discounted.  But in looking through my code, I am reminded of many
     cases that carry over to Python.

     (h) In a couple examples, ENTIRE class definitions live in the .h file
     (all inline functions, no global data).

     (i) Other cases, .h files include material constant definitions and

     (j) WE can get rid of #endifs, that's 691 lines.

     (k) The function prototypes in .h files are the approximate logical
     equivalant of a module's
     "__all__ = [ ... ]" directive, provided each __all__ entry is listed on
     a seperate line.  This is a we bit of a stretch but I'll take it.

     (l) that leaves declarations in Classes (which necessarily do not have
     initializers) and local declarations that don't happen to be

     (m) for globals referenced from local functions we need to ADD global
     declarations to ech function where they're used.  This

I have not effective way to measure (l) and (m).  For argument's sake for this
example app (big real-time with some legit. use of single instance globals) I'll
call them a net wash.  Most other instances of growth or shrinkage I'll also
argue wash out.  That leaves 36 explicit malloc/frees, 691 #endifs and 313 curley
braces for a total of 1,140 deleted lines out of around 70K or a around 1.5%.
Challange some of my assumptions above and maybe we're talking 3% or 5%.  But
again, it's not a huge difference.

> A proper build system with GCC should not be different in speed from VC++.

> I also suspect that your C++ was not in a single file either - if Python is
> broken down into smaller files compilation is always per-file and will not
> require recompiles like C++.

Good point.  Sometimes my argument get ahead of me.  ;o/

But from your initial claim that Python is better in this regard I think we're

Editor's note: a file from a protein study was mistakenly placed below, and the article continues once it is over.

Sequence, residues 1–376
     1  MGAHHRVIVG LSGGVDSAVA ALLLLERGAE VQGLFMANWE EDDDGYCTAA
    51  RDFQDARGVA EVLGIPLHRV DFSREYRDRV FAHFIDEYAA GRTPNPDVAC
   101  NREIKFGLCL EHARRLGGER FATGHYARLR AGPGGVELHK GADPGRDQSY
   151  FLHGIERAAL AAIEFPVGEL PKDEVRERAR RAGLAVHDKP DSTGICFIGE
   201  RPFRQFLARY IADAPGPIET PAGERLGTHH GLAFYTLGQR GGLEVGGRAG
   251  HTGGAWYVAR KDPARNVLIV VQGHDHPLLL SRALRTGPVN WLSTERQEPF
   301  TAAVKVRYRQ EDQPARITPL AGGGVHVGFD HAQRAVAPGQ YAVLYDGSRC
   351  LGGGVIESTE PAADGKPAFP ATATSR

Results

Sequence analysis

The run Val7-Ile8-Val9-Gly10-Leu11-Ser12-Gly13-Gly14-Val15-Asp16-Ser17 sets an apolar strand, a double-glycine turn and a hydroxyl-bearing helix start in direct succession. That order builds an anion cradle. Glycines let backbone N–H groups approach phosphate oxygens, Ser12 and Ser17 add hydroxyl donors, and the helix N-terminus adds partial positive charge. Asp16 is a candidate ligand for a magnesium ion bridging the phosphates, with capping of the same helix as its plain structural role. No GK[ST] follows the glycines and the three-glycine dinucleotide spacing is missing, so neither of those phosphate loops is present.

agreed that (depending on specific environment) they can be about the same.

Incidentally, VC++ can detect and recompile individual functions from within a
module and incrementally relink them into a running application ("break and
continue") without recompiling or relinking the entire module.

> Without trying to sound arrogant, I rarely make such errors. I cannot
> rememeber the last time I made an error like this in writing around 2000
> lines of Python in the last few days.

Well, the experience relayed by one of my developers is that it's not a problem
with our code but rather generally cockpit errors by the customer.  Now most
people on this list I know would simply rail at the customer and tell them to
read the friggin' interface specs more carefully (all is documented) and when
they were truly up to speed and read all the FAQs and saw the world in a truly
Pythonic fashion then the problems would go away.

While for argument's sake I may even be willing to stipulate this is true, I
think I fairly view it as one small way in which the language could be improved.
Customer gets a specific error in the privacy of their own building and our code
looks less buggy.

Plus I believe it's a bigger issue for Python programmers generally than you/they
are willing to admit.

> ...of which you freely admit you have no experience -

with large apps yes, with large python, not yet.  Workin' on it....

> in fact you imply no-one does.

No.  I merely asked for data (and since have been shown some some).

> My Python code tends to be in small files because I can express
> what I want in a small number of lines and don't have endless helper
> functions to cover up the ugly realities of C/C++.

I have nothing against small files or modules.  However, there are two entirely
different architectures.  One is developing individual components for a generic
library only a few of which may be used in any particular appliction.  The other
is developing a large appliction from a large number of small modules, the
contents of virtually all of which are vital to the ap.  My point is that the
former architecture was not as difficult as the latter one.

Thank you for some insightful and thought provoking comments.



James J. Besemer  503-280-0838 voice  503-280-0375 fax
mailto:jb at